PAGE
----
The golden rule: Pay yourself first.
Pay yourself first is a forced saving technique that simply means you consistently set aside a certain amount from your salary each month before you take care of your living expenses or make discretionary purchases.
In other words, before you do anything else with your paycheque at the end of the month - before you pay your landlord, electric company, credit card firm or car dealer - the first payment made should be to yourself. You work hard for your money. It's just fair that you pay yourself first before anyone else.
A lot of consumers do it in reverse. After each paycheque, they pay the rent, electric bill, credit card fees, and maybe schools charges and personal loans. Yes, they love to save, but after all those bills, there is no more money left to put in the bank.
And even if there is, there will always be reasons to spend it: the car breaks down, the house needs new furniture, or an emergency trip back home has to be arranged. Before they know it, their pockets are empty and they scramble for another loan. They swear they will try to save next month, but most likely, they never will. They may get a raise or a bonus, but they still end up broke.
So, how to reverse the pattern if you fit into this spectrum? First, decide how much of your salary you can commit to save each month.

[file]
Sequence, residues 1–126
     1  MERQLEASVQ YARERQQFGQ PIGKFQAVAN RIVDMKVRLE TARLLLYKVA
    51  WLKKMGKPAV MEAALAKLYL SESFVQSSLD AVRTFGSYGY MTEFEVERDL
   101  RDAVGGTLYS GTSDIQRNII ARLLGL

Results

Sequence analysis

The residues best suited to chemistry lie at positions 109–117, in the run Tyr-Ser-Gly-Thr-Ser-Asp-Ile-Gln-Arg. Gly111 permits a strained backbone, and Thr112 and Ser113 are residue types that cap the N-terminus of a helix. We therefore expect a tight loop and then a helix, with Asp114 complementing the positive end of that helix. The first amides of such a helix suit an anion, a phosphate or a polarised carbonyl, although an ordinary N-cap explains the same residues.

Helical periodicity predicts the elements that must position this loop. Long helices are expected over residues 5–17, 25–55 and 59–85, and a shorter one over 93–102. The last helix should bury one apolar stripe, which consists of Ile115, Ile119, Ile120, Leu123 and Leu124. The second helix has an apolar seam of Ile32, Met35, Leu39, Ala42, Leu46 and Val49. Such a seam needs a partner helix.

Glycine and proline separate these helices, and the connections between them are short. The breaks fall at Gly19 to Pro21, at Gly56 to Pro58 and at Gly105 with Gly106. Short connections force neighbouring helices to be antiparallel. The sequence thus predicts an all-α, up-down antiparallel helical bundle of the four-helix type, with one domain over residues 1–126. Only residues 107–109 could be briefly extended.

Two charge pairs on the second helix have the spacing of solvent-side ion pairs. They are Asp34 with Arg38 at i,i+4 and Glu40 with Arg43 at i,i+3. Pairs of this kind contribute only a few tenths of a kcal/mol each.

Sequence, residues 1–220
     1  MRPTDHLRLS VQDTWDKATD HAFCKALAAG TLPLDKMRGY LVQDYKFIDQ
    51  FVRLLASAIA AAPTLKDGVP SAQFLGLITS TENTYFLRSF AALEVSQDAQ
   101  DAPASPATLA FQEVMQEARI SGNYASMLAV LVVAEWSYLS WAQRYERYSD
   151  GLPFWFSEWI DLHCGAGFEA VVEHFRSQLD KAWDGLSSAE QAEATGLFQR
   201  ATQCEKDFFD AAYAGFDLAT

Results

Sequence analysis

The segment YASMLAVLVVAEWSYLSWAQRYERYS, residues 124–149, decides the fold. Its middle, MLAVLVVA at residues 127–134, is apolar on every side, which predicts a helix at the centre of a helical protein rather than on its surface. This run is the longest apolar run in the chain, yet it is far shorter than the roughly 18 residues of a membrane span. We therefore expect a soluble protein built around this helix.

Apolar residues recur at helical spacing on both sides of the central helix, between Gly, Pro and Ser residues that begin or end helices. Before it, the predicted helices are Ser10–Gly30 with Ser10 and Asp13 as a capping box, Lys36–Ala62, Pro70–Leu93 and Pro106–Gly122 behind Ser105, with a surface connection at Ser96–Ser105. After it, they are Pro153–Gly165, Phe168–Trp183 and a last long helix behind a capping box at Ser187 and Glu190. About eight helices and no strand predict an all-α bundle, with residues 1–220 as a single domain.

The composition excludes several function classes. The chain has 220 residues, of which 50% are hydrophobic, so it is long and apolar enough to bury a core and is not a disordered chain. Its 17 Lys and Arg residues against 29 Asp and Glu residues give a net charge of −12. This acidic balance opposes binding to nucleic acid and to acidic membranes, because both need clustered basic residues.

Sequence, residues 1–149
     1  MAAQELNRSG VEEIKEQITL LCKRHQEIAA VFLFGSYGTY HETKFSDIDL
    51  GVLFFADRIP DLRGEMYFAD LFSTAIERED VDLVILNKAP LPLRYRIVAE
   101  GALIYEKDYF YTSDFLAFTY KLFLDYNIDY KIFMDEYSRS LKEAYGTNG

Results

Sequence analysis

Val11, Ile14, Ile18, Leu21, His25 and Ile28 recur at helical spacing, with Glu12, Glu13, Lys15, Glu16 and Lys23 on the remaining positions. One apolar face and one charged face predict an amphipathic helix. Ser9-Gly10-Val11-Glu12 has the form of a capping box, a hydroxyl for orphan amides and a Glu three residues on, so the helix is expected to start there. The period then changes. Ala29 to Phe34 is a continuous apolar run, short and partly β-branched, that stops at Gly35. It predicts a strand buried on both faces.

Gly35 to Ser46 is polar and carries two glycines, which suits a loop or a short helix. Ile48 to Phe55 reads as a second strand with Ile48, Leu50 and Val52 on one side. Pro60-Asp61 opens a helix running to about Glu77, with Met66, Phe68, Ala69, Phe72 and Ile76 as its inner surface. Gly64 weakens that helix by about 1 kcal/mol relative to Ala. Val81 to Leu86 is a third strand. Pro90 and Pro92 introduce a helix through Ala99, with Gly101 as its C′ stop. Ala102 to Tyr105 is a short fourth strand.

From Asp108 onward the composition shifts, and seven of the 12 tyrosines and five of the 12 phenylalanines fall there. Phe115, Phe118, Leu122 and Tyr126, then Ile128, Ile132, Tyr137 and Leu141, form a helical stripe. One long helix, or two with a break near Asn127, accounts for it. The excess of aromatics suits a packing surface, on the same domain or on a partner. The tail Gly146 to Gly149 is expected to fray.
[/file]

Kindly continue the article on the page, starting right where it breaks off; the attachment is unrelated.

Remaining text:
There are many ways to incorporate forced savings. One example is to put your money into an account that you can't access easily.
Talk to you bank's representative and arrange to have say, 10 per cent of your salary transferred from one account to another automatically every payday. Financial gurus say you should treat this as your first and most important monthly bill.
However, bear in mind that this strategy doesn't create a miracle. After paying yourself, you will still need to pay your bills. If the remaining cash is not enough, find ways to raise extra money.
Do whatever you need to do to protect your savings - even if it means working extra hours; getting a part-time job; moving into a smaller apartment; taking a bus to work and cancelling your credit card, magazine subscriptions or gym membership.
This may sound tough, but if the idea of being in a difficult financial situation for the rest of your life doesn't sound like a better alternative, it's better to give up your perks now.
Every dirham you set aside today is a seed to your financial future. If you are committed to it, your wealth will certainly grow over time.
The day will come when you no longer need to juggle between jobs, rent a house or take the bus. Until then, just be diligent.
Al Nisr Publishing LLC 2007. All rights reserved.
Provided by Syndigate.info an Albawaba.com company